Those are the words that breast cancer survivor Kathy DeVaughn used to describe her CyberKnife treatments.
The National Cancer Institute (NCI) estimates that a woman born in the United States today has about a one in eight chance of being diagnosed with breast cancer at some point during her lifetime. Kathy was the one in eight. The 56-year-old Pennsylvania resident was diagnosed with breast cancer in January 2017.
Kathy, who has no known history of breast cancer in her family, went for her annual mammogram last year. During the exam, a lump was discovered and a biopsy was ordered. She remembers being at work when she got the call.
“They called me up at work and said, ‘Yeah, you have breast cancer’ and I was devastated,” she said. “I just screamed.”
She received bad news, but there was good news as well. They caught the cancer early and wanted her to come in immediately to discuss treatment options.
Kathy met with surgeon Robert Guilday, M.D. at Crozer-Chester Medical Center and they reviewed treatment options and plans. Kathy decided to have a lumpectomy to remove the malignant tumor and the surgery was set for February 2017.
The good news continued. The surgery went well and lymph nodes that were removed tested negative for cancer. Kathy’s cancer had not spread past her breast.
After surgery, Kathy and Dr. Guilday were discussing follow-up treatment and Dr. Guilday suggested radiation therapy, which is often recommended for most patients who have breast-conserving surgery. According to the American Cancer Society, for women with early-stage breast cancer, studies indicate that breast-conserving surgery plus radiation therapy results in long-term outcomes equivalent to, and possibly even better than, mastectomy. Dr. Guilday recommended that Kathy consider CyberKnife treatment.
The CyberKnife® Robotic Radiosurgery System is a painless, nonsurgical cancer treatment technology in which high-dose radiation is targeted to the tissue surrounding the site where the tumor was removed and radiation is delivered in an accelerated course of treatment over a few days instead of several weeks. The benefits of using Cyberknife include minimized radiation exposure, including radiation to the heart, greater success in saving healthy breast tissue, little to no recovery time, and excellent cosmetic outcome.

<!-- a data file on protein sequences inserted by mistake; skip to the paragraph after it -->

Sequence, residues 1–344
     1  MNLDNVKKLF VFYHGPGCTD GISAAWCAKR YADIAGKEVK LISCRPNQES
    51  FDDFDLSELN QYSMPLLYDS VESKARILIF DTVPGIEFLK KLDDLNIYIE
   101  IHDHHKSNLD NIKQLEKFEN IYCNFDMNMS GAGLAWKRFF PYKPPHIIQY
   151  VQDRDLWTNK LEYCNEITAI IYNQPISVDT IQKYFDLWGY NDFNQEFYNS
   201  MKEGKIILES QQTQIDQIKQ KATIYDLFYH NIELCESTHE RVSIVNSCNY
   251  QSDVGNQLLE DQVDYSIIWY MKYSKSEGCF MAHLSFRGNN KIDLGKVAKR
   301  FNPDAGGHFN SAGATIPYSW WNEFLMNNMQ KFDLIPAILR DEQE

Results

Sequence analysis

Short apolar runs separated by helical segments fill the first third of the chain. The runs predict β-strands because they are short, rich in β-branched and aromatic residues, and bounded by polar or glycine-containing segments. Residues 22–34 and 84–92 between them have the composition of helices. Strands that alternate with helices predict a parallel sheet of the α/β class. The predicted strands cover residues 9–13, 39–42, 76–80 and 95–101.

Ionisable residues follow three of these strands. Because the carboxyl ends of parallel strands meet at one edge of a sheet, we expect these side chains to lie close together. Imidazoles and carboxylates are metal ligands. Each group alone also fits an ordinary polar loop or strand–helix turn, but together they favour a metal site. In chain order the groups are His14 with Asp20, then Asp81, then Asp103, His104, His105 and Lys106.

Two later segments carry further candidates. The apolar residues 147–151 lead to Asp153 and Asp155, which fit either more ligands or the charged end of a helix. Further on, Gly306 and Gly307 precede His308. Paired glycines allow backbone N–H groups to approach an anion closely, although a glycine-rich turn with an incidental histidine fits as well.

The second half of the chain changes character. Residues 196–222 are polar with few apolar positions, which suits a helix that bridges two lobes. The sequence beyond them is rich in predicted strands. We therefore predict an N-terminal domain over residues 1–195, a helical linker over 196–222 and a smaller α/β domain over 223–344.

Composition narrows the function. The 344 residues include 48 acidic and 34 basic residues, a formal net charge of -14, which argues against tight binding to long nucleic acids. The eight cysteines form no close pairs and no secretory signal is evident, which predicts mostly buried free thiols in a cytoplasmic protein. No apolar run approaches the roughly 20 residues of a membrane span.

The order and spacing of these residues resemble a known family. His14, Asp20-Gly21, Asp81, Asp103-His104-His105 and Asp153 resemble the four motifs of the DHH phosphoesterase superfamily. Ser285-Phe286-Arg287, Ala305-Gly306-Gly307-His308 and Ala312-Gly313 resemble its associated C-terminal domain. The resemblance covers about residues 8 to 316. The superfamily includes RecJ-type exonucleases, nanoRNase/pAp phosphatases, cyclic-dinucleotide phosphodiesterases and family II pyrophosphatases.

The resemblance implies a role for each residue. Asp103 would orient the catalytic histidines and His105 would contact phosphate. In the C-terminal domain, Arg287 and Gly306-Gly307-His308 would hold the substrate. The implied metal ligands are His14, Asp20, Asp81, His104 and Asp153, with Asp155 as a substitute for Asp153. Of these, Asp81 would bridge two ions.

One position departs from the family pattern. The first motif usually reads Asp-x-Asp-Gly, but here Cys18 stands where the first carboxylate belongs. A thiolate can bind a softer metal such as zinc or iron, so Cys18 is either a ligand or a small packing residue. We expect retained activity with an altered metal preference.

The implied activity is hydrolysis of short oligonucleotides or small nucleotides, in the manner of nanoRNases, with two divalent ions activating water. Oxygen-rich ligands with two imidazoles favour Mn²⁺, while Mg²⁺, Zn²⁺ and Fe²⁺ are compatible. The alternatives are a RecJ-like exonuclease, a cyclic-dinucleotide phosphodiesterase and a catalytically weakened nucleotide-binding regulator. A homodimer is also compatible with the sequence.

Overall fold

“When we first talked about CyberKnife, I was nervous,” Kathy said. “But the more I learned about it, the more I liked it. I liked that it was only going to be five one-hour treatments rather than tons of 15 minute treatments.”
Kathy made an appointment at Philadelphia CyberKnife, a center that treats breast cancer patients with accelerated partial-breast radiation (APBI), and met with radiation oncologist Stephen Arrigo, M.D.
Dr. Arrigo explained how, traditionally, radiation has been given to a patient’s entire breast over about four to six weeks to increase the chance that any cancer cells remaining in the lumpectomy area are destroyed. Healthy cells, as well as cancer cells, can be affected by radiation. Partial breast irradiation, a newer technique, minimizes exposure to the rest of the breast, skin, ribs, lungs and heart. Partial breast irradiation treats only the immediate area surrounding the original tumor, where breast cancer is most likely to recur. Accelerated partial breast irradiation delivers the equivalent of six weeks of daily radiation in just a few days.
Her treatment plan included five CyberKnife treatment sessions that lasted about an hour each. Kathy recalls the treatments being extremely easy and not what someone would expect when they are being treated for cancer.
“The treatments were very easy and not painful at all,” she said. “They were almost relaxing. They played music for me and I fell asleep!”
After treatments, Kathy said she felt good and had no bothersome side effects.
In addition to her CyberKnife treatments being rather easy, Kathy noted that Dr. Arrigo and the entire staff at Philadelphia CyberKnife were extremely nice and took their time with her, putting her at ease.
Kathy’s last CyberKnife treatment was in April 2017 and today Kathy says she feels great and is enjoying life. She is back to work and her last mammogram, which was in January 2018, came back clear.
“If someone asked me if they should get CyberKnife treatment, I’d say do it. Do it,” Kathy said. “It is the least invasive treatment and it doesn’t affect you physically. I didn’t even feel like I was getting radiation. It was one of the best decisions I ever made.”